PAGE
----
Coursera, an online education company built by two Stanford professors, has announced that a dozen major research universities will soon join the venture. The announcement is a major boost to online learning initiatives, which have proven extremely popular and likely represent the next phase of higher education. “In the fall, Coursera will offer 100 or more free massive open online courses, or MOOCs, that are expected to draw millions of students and adult learners globally.” While certificates of completion have been the standard way to certify students following MOOCs, some colleges are preparing to offer course credit.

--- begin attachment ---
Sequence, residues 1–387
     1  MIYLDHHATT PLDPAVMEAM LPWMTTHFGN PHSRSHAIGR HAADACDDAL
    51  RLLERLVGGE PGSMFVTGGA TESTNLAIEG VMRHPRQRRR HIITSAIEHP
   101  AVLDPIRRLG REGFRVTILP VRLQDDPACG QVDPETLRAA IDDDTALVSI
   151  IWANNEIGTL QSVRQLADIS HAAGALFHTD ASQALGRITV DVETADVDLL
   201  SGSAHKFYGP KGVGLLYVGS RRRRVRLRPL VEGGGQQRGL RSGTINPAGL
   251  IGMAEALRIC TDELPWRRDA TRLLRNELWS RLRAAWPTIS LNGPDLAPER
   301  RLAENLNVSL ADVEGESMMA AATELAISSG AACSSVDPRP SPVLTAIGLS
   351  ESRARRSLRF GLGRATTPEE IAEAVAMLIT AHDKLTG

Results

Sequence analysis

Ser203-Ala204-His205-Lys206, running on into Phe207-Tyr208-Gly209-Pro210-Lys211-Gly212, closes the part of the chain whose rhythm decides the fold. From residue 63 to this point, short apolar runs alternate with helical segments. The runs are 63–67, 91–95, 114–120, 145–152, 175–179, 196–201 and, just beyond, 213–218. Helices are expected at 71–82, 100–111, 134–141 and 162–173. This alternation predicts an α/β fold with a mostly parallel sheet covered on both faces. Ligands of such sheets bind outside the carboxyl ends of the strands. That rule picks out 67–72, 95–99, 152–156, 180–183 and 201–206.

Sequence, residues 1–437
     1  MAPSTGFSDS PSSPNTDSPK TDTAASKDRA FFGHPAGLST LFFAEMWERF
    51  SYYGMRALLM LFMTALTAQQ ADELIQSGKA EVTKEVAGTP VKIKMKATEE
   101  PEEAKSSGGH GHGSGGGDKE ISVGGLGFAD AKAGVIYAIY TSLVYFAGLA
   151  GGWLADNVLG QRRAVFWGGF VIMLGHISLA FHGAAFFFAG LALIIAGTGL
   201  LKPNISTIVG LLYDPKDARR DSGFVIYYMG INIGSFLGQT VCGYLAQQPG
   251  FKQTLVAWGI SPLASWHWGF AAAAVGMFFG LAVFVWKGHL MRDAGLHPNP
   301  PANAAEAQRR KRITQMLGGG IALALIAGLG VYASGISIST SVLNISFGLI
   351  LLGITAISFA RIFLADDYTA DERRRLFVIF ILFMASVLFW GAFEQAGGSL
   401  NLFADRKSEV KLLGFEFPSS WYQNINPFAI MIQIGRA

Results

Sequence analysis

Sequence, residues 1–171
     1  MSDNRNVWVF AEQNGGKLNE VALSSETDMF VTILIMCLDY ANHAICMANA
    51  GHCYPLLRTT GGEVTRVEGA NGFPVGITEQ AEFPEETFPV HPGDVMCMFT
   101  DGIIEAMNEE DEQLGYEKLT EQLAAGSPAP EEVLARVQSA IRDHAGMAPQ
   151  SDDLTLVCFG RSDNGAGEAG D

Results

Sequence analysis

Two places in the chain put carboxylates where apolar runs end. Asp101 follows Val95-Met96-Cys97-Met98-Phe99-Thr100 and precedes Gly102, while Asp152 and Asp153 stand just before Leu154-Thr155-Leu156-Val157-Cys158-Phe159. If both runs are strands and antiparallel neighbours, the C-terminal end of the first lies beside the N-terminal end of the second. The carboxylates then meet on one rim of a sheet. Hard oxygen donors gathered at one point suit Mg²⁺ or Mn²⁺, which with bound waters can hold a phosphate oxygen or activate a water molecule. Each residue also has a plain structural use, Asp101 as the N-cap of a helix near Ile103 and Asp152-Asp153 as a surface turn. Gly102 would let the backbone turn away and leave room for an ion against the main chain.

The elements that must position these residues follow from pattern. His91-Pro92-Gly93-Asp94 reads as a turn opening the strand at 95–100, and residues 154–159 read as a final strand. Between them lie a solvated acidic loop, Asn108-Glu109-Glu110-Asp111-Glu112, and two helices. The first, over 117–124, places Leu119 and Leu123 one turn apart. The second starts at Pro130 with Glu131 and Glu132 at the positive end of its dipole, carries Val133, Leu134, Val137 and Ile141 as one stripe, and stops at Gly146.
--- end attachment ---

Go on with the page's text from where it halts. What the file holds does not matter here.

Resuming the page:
What’s the Big Idea?
Last year, Stanford’s free artificial intelligence course attracted more than 160,000 students from 190 countries. But even Sebastian Thrun, who taught the AI course, recognizes the experimental nature of online learning: “I think we are rushing this a little bit,” he said. “I haven’t seen a single study showing that online learning is as good as other learning.” Still, just as computing technology has revolutionized other fields, online education that is accessible and affordable should begin relieving students of the excessive debt burden placed on them by the current higher-learning culture.